RIF Plans

Employees who are let go into an uncertain job market may challenge terminations in the form of discrimination, whistle-blower, breach of contract and other claims.  Accordingly, reductions in force need to be well thought-out and defensible.

First and foremost, employers need a documented RIF Plan which should include:

  • the business justification for the lay-off.  Employers can look to forecasts, sales figures, overstaffing, technical changes, etc. to provide a business reason for a reduction.
  • other alternatives to achieve the goals of the reduction vs. the cost of the RIF.  Employers who can demonstrate that they explored other options will fair better in litigation and public relations.
  • objective criteria to detemine what jobs will be eliminated.  Employers should be able to provide a job analysis as to why positions were eliminated.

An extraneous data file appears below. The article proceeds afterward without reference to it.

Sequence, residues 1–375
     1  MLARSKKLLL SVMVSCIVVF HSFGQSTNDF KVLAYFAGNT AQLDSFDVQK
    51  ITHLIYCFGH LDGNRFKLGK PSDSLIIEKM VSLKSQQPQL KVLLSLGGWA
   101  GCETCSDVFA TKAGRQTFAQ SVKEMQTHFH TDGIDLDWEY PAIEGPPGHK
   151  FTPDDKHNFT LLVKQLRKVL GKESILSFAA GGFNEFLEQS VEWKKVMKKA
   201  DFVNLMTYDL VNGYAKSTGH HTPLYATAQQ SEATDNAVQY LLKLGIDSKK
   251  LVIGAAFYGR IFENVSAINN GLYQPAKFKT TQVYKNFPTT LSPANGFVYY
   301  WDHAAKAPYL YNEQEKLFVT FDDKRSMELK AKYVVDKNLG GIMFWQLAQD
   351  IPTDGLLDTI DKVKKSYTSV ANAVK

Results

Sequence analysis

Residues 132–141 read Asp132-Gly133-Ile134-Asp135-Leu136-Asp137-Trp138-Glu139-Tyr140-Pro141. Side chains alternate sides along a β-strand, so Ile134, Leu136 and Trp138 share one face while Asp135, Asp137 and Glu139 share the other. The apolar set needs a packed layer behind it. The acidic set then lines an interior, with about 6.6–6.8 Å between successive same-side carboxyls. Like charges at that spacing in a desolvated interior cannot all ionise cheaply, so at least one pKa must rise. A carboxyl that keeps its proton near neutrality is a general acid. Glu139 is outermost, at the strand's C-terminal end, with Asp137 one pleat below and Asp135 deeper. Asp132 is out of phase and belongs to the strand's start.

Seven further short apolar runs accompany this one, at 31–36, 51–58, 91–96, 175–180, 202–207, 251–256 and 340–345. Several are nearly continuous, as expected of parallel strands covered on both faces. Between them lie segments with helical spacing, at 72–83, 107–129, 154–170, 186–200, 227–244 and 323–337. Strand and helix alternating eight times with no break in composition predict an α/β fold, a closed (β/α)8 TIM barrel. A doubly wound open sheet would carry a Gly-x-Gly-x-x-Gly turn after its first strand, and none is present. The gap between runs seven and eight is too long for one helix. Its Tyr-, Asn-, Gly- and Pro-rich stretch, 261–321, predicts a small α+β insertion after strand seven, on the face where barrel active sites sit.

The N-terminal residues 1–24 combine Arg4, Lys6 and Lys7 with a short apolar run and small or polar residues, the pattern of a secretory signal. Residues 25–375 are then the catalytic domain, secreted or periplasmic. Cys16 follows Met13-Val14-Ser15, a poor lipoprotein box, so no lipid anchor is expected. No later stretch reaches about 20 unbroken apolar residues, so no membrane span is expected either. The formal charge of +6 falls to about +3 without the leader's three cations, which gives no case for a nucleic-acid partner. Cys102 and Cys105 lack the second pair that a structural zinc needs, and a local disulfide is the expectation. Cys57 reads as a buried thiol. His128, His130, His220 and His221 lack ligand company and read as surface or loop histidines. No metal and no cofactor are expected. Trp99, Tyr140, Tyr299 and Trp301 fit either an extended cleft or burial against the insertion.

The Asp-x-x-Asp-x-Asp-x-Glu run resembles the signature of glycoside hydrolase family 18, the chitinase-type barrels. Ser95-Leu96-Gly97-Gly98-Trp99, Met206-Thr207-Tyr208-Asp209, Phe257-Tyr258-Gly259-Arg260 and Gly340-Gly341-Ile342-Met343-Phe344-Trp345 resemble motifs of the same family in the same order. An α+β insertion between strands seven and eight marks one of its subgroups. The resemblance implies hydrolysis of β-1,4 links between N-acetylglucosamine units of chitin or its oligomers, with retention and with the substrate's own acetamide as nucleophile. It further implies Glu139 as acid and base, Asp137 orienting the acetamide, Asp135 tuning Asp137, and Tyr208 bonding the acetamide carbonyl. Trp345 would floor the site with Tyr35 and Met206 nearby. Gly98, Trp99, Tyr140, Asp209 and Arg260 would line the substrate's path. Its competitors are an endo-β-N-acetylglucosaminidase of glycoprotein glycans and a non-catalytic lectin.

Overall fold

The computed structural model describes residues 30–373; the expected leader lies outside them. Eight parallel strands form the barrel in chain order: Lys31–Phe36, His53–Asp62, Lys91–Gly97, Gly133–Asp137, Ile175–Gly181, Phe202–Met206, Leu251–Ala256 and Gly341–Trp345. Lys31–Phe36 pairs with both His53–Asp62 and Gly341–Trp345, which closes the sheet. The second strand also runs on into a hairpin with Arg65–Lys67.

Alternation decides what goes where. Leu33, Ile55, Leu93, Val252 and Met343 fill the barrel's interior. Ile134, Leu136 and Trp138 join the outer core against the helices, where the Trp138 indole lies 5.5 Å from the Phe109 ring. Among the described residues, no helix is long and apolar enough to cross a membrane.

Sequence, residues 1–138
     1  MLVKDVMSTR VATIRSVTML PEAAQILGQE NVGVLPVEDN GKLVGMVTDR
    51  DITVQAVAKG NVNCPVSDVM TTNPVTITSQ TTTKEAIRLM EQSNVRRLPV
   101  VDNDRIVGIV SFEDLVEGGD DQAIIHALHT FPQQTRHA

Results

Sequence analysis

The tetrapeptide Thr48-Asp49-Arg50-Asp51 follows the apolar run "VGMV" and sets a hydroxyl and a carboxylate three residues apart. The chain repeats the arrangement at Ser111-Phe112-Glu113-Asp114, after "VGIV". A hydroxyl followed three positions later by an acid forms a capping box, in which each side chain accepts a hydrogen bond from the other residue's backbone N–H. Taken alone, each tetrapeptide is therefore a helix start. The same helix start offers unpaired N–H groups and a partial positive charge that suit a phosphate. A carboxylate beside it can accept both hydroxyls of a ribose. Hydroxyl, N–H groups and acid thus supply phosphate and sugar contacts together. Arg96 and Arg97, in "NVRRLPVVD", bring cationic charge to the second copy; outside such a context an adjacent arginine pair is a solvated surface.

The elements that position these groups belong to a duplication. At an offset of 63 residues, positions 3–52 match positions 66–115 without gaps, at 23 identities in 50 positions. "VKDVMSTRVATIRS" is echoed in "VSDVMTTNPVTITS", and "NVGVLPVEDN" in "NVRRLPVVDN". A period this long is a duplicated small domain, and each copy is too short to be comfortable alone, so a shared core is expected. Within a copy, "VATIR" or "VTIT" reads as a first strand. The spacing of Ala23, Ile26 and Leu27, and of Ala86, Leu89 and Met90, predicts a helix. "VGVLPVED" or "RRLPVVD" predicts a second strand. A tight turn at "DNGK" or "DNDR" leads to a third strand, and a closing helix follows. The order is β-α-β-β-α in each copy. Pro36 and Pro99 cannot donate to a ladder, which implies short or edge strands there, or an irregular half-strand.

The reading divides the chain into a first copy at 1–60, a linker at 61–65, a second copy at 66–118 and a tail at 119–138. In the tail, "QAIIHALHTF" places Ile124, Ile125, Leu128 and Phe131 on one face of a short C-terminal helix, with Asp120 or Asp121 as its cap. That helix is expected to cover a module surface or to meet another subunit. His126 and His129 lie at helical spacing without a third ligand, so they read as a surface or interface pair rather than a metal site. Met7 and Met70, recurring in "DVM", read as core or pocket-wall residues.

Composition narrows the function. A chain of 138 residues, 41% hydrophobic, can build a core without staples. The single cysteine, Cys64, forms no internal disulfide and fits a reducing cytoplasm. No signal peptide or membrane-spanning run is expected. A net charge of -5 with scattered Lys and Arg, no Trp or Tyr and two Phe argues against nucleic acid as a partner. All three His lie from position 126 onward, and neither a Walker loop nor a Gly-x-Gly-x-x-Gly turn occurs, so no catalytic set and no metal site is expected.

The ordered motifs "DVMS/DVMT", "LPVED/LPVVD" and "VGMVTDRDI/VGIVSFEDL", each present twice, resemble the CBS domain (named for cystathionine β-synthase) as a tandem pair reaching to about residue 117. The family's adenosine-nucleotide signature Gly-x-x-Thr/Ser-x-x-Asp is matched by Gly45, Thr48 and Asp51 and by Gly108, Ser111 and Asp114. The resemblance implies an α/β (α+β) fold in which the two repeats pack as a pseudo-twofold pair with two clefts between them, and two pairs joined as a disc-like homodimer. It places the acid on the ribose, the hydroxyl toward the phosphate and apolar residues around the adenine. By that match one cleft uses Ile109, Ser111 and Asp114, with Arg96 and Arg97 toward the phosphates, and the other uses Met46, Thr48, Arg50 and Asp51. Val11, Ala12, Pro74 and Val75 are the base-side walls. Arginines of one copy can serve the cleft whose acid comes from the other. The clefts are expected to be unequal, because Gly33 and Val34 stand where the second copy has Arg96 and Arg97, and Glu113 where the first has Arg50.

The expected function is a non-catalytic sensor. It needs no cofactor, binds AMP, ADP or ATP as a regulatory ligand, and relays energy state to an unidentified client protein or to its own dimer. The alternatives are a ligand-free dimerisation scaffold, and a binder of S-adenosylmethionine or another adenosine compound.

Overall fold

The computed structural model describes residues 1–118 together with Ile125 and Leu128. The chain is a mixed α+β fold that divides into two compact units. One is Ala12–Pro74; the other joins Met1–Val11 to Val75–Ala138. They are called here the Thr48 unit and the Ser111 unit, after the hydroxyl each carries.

• criteria for selction.  Such factors can include: sales, evaluations, discipline, customer relations, coworker interactions, ability to manage, and seniority. 
  • evaluation of employees against selection criteria.
  • ranking of employees/value to the performance of work remaining after the RIF.  What special skills and knowledge to the remaining employees have?
  • review of rankings to eliminate unfair or systemic biases
  • statistical analysis of the impact of the RIF on protected classifications.